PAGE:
Today is the 8 month anniversary of our year long honeymoon. We’ve now traveled 65000 kilometers by plane, train, bus and boat, and it is still incredible to have the freedom to do experience all these different cultures and activities.
Just as I tried four months ago I tried to pick my top 10 photos but I never believed I would be able to do so. How could I with countries as varied as Indonesia, Papua New Guinea, Tahiti, Easter Island, Chile, Argentina and Peru. Therefore I again present my top 4 as well as the longlist. Which one is your favorite photo??
Kagai, Chimbu province, Papua New Guinea. Women from the Kagai village where we were staying showing their local singsing for us. We just finished dinner when we heard singing from the communal hut. We were encouraged to go over, as they did this as a surprise for us, their guests. We found about ten women with facepaint, cassowary feather headdresses and some traditional clothing. They would start slowly singing about welcoming guests, hospitality, love, life, fertility, children and many other things. At some point the tempo would pick up, and they would alternatively hold hands with the woman on either side, whilst rocking their upper body from left to right and shaking their heads vertically to make the feathers move. We were invited to join in, and it was surprisingly complicated. When I asked a young girl how often they practice she answered “we don’t need to practice, it’s our culture we all know the moves and songs from an early age.” It was by far the best cultural experience I’ve ever had.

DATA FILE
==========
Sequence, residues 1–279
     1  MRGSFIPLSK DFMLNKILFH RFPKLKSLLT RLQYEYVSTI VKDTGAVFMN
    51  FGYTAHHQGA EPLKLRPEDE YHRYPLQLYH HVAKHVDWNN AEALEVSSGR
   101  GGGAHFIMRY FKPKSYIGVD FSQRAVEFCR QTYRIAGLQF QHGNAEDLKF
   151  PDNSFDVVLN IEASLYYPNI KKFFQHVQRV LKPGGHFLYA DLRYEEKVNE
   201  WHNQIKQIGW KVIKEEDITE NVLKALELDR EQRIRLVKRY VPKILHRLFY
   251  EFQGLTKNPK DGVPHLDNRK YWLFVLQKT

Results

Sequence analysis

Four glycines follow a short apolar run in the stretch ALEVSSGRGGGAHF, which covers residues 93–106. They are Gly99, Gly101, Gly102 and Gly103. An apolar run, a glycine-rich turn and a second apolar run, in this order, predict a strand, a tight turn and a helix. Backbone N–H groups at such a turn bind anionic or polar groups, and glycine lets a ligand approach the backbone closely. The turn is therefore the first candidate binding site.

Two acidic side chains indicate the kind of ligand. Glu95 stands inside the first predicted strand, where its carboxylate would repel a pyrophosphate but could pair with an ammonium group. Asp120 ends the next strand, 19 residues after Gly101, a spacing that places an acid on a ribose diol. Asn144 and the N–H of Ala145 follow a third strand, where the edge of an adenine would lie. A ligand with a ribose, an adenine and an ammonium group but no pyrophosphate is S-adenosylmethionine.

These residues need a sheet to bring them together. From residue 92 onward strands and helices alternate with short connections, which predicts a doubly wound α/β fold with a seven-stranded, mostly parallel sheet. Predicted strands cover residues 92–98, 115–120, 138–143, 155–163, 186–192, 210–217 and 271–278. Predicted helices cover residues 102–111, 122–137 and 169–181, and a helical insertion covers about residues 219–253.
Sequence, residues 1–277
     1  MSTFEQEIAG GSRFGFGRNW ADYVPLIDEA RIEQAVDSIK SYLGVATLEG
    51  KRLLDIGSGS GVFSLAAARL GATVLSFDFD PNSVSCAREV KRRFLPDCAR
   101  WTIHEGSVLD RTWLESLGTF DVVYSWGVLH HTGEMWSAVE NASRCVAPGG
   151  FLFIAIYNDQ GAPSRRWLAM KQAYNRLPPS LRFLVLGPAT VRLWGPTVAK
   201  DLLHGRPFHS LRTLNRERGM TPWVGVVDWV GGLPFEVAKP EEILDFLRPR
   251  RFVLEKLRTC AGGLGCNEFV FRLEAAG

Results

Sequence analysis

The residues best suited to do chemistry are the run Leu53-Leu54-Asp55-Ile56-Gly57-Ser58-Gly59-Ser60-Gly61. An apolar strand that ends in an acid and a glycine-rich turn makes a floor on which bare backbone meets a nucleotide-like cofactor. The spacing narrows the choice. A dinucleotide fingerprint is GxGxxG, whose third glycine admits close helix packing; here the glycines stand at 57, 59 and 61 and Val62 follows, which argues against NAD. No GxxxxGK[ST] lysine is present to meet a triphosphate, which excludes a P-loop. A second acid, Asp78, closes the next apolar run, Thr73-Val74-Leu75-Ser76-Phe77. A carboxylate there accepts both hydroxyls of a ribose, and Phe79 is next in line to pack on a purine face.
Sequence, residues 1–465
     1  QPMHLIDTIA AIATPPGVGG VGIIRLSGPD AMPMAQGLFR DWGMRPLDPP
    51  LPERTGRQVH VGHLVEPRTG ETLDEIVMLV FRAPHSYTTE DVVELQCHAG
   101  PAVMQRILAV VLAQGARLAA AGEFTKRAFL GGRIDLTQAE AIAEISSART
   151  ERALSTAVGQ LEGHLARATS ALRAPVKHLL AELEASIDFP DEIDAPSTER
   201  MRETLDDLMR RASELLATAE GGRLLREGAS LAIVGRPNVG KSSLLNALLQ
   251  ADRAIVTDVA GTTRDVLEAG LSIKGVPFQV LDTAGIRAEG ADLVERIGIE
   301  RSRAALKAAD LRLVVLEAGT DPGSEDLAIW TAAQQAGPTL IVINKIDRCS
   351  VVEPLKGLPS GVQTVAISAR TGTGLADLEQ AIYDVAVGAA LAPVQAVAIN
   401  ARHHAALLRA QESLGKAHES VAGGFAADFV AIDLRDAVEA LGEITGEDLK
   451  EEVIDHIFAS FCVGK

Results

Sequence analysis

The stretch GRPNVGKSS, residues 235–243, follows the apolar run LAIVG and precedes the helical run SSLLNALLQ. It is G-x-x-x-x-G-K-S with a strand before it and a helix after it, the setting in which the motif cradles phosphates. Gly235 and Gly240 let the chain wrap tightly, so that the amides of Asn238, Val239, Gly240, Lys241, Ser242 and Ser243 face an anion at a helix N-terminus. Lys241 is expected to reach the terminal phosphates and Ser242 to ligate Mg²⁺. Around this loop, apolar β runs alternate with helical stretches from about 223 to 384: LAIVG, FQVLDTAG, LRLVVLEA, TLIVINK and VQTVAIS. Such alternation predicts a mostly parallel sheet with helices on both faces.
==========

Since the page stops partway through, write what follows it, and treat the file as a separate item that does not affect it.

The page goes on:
Lago Colorada in the Bolivian altiplano is by far the most bizar lake I’ve ever seen. Red and white due to various organic and mineral compounds in the soil and water, it’s surrounded by peaks as high as 6000m. The rest of the area is incredibly dry, and has a yellowish brown color. The lake is home to thousands of flamingos, some of which can be seen towards the bottom. The whole region is an explosion of mineral colors in sand and water, and the three day excursion from San Pedro the Atacama to Uyuni is one of the best I’ve ever done.
Puno, Peru. A young woman in historic clothing recording a message for social media. She had been singing during the celebrations for the founding of the Inca empire when Manco Capac rose from lake Titicaca on 5 November. Puno, as Peruvian cultural capital, throws a big party for the annual celebration, with over a week of festivities. More information can be found here.
Orangutans in Tanjung Puting national park, Kalimantan, Indonesia. The national park is home to some 6,000 orangutans as well as countless other species of monkeys, reptiles and birds. The orangutans are a mixture of wild and rescued (and subsequently released) orangutans. Whilst the released orangutans are comfortable to eat from feeding tables, wild orangutans tend to stay away from the inevitable crowds that this brings. However, in times when food is scarce the wild urangutans also visit the feeding tables, which we happened to witness. The pictured pair of mother and young didn’t actually go to the table, the young was too distressed by the presence of humans, and made all efforts to get away and hide. Mum was a bit more relaxed, but not much. All in all I think the ecotourism in the national park is a little too successful, and whilst this brings benefits to the local population, it does also put a strain on the animals. Luckily staff and guides are respectful of the animals and seem to have their hart in the right place.
And my other favorites: